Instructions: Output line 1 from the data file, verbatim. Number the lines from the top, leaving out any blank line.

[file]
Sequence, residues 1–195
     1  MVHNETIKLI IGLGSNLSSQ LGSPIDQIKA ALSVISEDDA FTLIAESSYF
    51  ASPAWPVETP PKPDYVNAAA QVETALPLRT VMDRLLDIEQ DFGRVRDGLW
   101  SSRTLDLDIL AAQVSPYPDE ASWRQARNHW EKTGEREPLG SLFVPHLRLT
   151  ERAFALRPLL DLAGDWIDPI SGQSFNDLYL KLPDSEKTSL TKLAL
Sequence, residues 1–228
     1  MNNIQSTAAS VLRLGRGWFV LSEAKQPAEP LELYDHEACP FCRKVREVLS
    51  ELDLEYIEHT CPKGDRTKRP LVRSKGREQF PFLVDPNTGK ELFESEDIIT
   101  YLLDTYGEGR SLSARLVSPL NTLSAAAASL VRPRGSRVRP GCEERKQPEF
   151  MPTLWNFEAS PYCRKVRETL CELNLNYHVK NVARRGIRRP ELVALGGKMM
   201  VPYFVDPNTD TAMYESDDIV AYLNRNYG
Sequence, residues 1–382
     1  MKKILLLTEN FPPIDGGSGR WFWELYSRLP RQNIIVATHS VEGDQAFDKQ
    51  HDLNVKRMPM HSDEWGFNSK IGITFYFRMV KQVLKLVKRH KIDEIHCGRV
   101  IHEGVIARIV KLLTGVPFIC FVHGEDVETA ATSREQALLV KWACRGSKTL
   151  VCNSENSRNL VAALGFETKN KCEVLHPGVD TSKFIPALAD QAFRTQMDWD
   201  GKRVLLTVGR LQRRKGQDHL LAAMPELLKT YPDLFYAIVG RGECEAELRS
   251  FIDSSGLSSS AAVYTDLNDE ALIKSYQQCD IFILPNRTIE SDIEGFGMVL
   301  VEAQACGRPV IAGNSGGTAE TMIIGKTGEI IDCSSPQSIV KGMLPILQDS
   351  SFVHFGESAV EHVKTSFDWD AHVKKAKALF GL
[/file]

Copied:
Sequence, residues 1–195